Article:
Sunday, March 31, 2019

Book Review: Team Guide to Software Testability: a #30DaysOfTesting Testability #T9y Entry

Woohoo!!! Day 30 completed on March 31! Truth be told, this was a bit much and I have no one to blame but myself for how this turned out. Still, I feel like I learned a lot and covered a lot of ground. Some of it felt familiar but there was quite a bit of new information and perspectives I had a chance to look at and think about how to implement with my team. It's time to bring the formal "30 Days of Testability" to a close and to do that, I'm going to review a book that, as I came to the Ask Me Anything post, made me realize that the sudden availability of this book wasn't an accident, as one of the authors of the challenge, Ash Winter, was also one of the writers of this book. How convenient :)!

What book did you choose on Day 3 and what did you learn from it?

The book I chose was "Team Guide to Software Testability" by Ash Winter and Rob Meaney.

This version was published with Leanpub on 2019-03-08. Again, mighty convenient :)! While the book is listed as being 30% completed, there is plenty to consider and chew on with regards to testability for apps and navigating how to approach testability for you, your team and your applications. To borrow a line from the Introduction:

"We want to show that testability is not only about testers and, by extension, not solely about testing. It is almost indistinguishable how testable your product is, from how operable and maintainable
your product is. And that’s what matters to your (organisation’s) bottom line, how
well your product fits your customer’s needs."

Testability goes hand in hand with predictability. When an application responds in a predictable manner, we are able to interact with better certainty that we will see the results we expect. That, in turn, helps inform the testability or lack thereof of our applications.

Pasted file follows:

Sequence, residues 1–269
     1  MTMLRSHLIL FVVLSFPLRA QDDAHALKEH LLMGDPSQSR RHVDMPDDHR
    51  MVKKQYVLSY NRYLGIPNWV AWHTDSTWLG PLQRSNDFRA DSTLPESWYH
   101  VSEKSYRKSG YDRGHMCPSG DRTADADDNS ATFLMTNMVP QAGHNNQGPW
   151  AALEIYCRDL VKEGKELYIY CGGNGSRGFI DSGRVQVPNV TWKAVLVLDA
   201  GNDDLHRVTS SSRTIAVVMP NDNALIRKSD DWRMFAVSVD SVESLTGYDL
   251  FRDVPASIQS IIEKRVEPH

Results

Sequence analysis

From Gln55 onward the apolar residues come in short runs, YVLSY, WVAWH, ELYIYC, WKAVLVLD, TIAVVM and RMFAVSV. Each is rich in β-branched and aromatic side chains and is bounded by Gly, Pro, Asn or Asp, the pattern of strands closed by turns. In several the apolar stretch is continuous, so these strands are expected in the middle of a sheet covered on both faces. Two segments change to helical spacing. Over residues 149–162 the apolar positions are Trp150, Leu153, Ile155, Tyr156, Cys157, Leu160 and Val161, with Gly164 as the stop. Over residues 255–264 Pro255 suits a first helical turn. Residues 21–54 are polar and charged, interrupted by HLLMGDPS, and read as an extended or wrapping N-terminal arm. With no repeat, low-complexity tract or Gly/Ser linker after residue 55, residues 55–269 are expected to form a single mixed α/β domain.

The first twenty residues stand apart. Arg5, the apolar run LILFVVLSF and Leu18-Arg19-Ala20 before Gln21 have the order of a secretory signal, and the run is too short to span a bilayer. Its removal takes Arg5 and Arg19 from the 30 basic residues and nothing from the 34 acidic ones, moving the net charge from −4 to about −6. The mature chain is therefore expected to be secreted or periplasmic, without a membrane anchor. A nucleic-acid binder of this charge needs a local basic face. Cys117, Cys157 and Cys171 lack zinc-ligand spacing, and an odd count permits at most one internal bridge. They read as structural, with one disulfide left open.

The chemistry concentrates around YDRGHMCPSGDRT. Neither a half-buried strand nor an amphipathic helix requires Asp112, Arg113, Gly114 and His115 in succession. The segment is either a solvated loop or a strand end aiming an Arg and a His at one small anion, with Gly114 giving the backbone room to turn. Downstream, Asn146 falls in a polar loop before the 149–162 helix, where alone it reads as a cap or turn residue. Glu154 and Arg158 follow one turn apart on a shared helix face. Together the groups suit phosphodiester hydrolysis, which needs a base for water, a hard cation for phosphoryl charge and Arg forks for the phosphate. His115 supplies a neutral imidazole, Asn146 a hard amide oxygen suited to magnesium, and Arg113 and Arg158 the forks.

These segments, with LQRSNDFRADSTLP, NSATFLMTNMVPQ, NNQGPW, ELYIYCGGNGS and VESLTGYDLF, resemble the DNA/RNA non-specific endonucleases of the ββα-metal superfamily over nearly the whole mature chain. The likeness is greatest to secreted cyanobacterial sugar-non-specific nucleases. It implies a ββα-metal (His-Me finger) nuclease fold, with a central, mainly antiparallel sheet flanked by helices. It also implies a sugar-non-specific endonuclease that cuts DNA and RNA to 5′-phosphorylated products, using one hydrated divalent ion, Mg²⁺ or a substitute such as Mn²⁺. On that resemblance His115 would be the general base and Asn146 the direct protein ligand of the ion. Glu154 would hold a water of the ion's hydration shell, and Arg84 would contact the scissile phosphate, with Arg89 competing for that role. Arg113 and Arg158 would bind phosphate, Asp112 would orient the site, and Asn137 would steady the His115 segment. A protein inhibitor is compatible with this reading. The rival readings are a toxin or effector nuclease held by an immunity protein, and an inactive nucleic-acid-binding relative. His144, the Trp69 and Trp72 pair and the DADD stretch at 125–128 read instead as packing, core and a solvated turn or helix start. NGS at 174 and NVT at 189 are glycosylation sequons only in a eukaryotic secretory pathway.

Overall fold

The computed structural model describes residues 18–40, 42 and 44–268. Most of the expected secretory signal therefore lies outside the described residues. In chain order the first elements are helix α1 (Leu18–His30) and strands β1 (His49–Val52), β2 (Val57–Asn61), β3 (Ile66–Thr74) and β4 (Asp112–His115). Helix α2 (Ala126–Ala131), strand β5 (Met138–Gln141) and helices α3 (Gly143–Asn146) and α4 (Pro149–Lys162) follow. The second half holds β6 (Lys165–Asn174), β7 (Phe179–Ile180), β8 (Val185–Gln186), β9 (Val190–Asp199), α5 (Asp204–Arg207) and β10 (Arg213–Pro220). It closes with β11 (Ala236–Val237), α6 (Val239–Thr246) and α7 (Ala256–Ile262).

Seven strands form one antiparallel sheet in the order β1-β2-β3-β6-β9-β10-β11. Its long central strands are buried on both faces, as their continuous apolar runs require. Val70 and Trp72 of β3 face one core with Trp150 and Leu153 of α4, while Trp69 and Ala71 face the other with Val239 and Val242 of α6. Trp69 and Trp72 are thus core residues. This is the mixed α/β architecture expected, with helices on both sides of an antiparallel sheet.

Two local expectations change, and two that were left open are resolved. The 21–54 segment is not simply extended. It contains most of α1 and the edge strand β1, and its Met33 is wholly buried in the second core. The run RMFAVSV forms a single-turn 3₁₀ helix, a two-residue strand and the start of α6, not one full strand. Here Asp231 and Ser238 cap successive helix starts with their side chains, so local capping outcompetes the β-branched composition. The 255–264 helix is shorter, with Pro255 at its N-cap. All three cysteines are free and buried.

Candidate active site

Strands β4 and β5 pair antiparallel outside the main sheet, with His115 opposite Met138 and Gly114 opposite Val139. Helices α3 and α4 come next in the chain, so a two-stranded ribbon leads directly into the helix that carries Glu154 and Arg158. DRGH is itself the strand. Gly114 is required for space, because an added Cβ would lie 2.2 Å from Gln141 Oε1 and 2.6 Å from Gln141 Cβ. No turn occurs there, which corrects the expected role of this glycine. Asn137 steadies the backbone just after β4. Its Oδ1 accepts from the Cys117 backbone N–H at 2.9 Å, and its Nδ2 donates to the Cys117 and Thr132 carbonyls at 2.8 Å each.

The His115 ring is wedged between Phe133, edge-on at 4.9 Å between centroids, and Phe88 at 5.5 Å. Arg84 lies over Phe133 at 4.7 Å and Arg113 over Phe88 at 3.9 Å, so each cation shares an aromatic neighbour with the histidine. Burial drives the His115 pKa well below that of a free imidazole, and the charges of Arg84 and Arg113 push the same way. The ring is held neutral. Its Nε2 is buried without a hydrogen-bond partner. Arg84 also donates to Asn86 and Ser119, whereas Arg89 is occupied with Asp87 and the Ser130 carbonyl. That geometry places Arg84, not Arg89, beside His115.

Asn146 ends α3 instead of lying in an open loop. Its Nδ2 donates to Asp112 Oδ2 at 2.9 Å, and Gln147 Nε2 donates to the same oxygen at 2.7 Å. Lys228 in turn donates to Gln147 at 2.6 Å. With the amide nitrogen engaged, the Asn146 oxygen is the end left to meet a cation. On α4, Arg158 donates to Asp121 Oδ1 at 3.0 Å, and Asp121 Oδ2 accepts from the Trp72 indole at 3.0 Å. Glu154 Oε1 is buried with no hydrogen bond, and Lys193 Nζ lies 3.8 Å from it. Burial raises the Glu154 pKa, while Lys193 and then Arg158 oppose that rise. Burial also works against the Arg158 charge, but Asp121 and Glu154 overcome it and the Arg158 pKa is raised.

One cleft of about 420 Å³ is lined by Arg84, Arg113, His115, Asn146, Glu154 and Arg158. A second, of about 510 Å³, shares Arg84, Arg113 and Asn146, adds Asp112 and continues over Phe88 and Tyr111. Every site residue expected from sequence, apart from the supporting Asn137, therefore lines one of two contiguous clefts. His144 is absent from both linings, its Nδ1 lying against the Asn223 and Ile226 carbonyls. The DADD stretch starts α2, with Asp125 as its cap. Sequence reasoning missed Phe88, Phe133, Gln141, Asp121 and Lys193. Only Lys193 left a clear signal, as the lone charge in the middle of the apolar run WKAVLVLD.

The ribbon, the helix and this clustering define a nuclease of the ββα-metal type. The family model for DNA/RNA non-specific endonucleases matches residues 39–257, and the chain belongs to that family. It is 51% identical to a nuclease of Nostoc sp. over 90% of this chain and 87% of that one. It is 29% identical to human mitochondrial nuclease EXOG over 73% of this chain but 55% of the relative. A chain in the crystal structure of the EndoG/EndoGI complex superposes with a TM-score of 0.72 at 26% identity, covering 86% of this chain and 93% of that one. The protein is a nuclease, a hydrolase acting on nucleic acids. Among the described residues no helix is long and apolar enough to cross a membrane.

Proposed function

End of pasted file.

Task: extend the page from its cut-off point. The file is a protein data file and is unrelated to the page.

Testability Mapping allows users and teams to get a better feel for the areas of their application that are working well and those that still need to be worked on. When we have a low understanding of the underlying testability architecture, we often struggle with anything approaching effective testing. To help address that, it's important to take stock of the testability of our applications and see how far afield that might take us (applications are rarely monolithic today, they have dependencies and other components that may or may not be obvious.

Our testing environments should be set up and configured in a way that allows us the maximum understanding of its underpinnings. Doing so lets us get started with testing and receiving meaningful feedback from the application. Paying attention to these environments and periodically addressing the testability helps make sure that complacency doesn't come into play. Environments are not static, they grow and develop and the technologies that are good for one period of time may be inadequate later.

Bottom Line:

Even at 30% complete, there is a lot of good information in this book. Is it worth purchasing as it currently is, with the idea that more will arrive over time? I say "yes". If the idea of helping your team develop a testability protocol sounds exciting and necessary, there is a lot to like in this book. Check it out!!!

Grinding Halt: a #30 DaysOfTesting Testability #t9y Entry

So close to the end! Just a couple more to go and I'll be able to call this challenge "surveyed". I won't really be able to call it "done" or fully "completed" until all of these aspects are put into place and we've moved the need in regard to their being examined. Still, this has been an active month, with a bit of an overly-ridiculously active final week (alas, nobody to blame for that but me). Nevertheless, for those who want to play along, check out the "30 Days of Testability" checklist and have some fun with me.

Do you know which components of your application respond the slowest? How could you find out?

This is a tricky question as there are different levels of what could be causing slowness. In the first instance, there are native components within our application itself, as in not those that we consume by other groups through microservices. Honestly, the ability to render full wiki pages as widgets with all of their formatting makes for some interesting interactions, some of them take time to pass along. As we can render some seriously complex HTML and CSS in these pages, to then have that displayed as a widget and then to have that displayed in a Responsive interface, it just takes time and in certain instances yes, it can be felt.

Other areas are a little harder to define but fortunately, we do have a way to determine how long it takes. Our application has a scheduler that runs in the background and every major interaction gets logged there. Want to know how long it takes to process ten thousand users and add them to the system? I can look that up and see (hint: it's not super quick ;) ).